Disadvantages of Philippine US Dual Citizenship

by Rianne Hill Soriano
The Philippines and the U.S. both recognize a Philippine-American dual citizenship.

The Philippines and the U.S. both recognize a Philippine-American dual citizenship.

Both the Philippines and the United States recognize a Philippine-American dual citizenship. Qualified individuals include those who are U.S. citizens by birth, but have at least one Filipino citizen parent at the time of birth, or those who are former Filipino citizens, but already became naturalized U.S. citizens. As a dual citizen, the individual has access to both countries’ benefits, including land ownership, pensions and jobs. However, some prospective petitioners should carefully consider certain aspects of this kind of citizenship that may be disadvantageous.

Taxation

As a citizen of both the Philippines and the United States, a dual citizen keeps all the rights and responsibilities of the citizenship for both countries. This means that the person is bound by the specific taxation requirements of both the Philippines and the United States. As a U.S. citizen, the person is generally required to pay U.S. taxes on worldwide income, including one’s work in the Philippines. As a Filipino citizen, the person can use the OFW (Overseas Filipino Worker) exemption, where only Philippine-sourced income is taxable, as long as the official residence is outside the Philippines.

Military Service

Being a citizen of both countries, there is the possibility of getting drafted for military service in both the Philippines and the United States. In case any of these two countries would require more people to serve for the armed forces in times of war, technically, a citizen may be drafted for the service. In the case of the United States, joining military service of a foreign country may become grounds to lose U.S. citizenship, especially when becoming an officer in the armed forces of a foreign country such as the Philippines.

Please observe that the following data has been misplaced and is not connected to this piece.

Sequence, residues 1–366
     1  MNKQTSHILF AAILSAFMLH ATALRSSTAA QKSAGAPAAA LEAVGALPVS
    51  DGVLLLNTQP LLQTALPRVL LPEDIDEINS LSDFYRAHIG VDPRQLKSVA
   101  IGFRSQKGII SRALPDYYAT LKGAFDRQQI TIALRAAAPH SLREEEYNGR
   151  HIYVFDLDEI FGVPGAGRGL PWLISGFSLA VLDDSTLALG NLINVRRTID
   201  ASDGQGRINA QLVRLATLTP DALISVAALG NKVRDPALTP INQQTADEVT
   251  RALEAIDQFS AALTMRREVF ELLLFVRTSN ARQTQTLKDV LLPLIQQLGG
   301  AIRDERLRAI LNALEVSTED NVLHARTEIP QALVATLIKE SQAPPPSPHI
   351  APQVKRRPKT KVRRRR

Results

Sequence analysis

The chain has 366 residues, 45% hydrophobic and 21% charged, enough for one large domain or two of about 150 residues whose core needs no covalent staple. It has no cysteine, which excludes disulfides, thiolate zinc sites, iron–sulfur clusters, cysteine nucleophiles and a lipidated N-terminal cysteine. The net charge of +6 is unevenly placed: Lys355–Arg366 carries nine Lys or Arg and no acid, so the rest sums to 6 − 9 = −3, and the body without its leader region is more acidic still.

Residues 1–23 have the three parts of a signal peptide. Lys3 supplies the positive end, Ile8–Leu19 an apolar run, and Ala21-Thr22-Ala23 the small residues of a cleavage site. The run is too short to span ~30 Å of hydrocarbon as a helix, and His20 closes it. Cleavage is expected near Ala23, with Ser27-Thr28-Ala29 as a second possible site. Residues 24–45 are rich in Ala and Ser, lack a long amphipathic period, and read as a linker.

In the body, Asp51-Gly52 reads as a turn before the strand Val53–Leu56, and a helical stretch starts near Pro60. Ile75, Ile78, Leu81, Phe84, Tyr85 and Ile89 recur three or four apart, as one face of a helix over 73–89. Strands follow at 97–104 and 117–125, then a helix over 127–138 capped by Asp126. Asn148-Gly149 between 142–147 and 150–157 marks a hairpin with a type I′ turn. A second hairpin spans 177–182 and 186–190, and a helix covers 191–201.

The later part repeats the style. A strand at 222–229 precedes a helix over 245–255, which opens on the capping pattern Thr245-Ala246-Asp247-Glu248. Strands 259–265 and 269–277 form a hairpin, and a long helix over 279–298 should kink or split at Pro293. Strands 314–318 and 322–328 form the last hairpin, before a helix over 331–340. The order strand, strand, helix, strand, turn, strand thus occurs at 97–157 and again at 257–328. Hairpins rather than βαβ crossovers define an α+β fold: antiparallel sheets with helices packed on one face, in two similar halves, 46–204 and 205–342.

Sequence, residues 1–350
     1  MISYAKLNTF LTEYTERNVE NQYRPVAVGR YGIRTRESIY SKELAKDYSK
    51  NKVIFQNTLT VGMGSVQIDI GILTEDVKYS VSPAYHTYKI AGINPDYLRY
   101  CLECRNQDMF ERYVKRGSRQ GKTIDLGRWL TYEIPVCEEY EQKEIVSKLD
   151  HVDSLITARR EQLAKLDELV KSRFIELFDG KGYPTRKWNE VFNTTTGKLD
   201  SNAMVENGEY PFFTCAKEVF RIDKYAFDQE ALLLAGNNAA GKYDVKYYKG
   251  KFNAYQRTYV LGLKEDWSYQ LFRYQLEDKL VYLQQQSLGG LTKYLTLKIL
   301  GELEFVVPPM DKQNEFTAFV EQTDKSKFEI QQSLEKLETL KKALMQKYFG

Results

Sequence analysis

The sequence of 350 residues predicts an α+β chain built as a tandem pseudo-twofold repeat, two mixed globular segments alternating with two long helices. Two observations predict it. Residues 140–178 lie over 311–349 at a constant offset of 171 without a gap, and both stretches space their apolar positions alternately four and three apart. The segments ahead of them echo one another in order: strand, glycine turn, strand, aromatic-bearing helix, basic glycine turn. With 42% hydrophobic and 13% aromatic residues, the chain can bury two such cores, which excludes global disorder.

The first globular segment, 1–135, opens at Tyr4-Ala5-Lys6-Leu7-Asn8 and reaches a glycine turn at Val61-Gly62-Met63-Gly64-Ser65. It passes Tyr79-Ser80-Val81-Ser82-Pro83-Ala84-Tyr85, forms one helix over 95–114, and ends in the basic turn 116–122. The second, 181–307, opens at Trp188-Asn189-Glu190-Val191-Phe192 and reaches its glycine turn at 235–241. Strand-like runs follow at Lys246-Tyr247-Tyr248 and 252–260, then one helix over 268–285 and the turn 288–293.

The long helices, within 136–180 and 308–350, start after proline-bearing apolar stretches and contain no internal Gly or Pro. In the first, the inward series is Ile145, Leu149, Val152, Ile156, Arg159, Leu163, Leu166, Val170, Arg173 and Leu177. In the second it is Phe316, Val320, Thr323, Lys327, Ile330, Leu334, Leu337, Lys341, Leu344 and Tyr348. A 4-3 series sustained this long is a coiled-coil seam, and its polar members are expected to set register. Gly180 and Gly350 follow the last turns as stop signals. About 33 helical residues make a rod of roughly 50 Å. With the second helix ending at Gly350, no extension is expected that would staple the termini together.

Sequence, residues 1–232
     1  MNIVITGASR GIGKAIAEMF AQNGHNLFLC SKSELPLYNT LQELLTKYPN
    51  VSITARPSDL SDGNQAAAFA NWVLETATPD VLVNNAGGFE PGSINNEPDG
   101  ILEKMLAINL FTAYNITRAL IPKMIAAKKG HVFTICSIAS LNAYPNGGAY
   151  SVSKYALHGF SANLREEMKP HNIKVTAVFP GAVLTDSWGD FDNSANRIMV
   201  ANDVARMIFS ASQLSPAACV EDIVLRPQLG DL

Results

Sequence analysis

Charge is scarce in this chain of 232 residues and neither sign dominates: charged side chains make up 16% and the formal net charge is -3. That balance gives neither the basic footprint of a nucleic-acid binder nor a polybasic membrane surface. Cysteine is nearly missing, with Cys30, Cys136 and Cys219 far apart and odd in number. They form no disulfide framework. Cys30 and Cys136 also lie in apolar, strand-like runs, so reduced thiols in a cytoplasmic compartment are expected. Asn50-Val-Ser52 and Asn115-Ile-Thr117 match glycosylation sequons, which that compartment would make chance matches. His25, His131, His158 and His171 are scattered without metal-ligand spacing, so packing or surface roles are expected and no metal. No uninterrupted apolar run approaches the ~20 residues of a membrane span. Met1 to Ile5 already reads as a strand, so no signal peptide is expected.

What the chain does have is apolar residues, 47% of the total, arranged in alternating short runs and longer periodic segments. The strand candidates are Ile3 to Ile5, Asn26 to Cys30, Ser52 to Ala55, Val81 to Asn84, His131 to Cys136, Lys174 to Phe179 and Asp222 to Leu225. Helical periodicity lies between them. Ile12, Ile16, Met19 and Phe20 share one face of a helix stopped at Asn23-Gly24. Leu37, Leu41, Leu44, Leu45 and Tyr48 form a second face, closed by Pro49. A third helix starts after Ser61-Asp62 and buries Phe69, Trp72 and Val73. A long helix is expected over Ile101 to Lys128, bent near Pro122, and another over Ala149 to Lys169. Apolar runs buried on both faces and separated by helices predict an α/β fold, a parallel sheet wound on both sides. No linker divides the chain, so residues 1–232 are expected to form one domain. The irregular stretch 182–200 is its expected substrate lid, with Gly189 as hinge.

Government Position

For U.S. citizens taking a “policy level” position such as becoming a lawmaker (congressman or senator) or any other higher position in a foreign government, this may result in the renouncement of their U.S. citizenship. Since the person holding public office in the Philippines must take an “oath of allegiance” to the country, this would mean that she would be required to only keep her Filipino citizenship. Otherwise, she would be disqualified for the said government position.

Consular Protection and Social Security Benefit Accrual

Although a Philippine-American dual citizenship keeps all rights and responsibilities of being a citizen of both countries, a U.S. citizen in the Philippines has no right to consular protection while in the Philippines, and at the same time, a Filipino citizen in the United States has no right to consular protection while in the United States. Also, when a U.S. citizen works in the Philippines, he doesn’t accrue Social Security benefits in the United States. The person is only entitled to the accrual of Social Security credits if he still earns money from work originating in the United States.

About the Author

Rianne Hill Soriano is a freelance artist/writer/educator. Her diverse work experiences include projects in the Philippines, Korea and United States. For more than six years she has written about films, travel, food, fashion, culture and other topics on websites including Yahoo!, Yehey! and Herword. She also co-wrote a book about Asian cinema.

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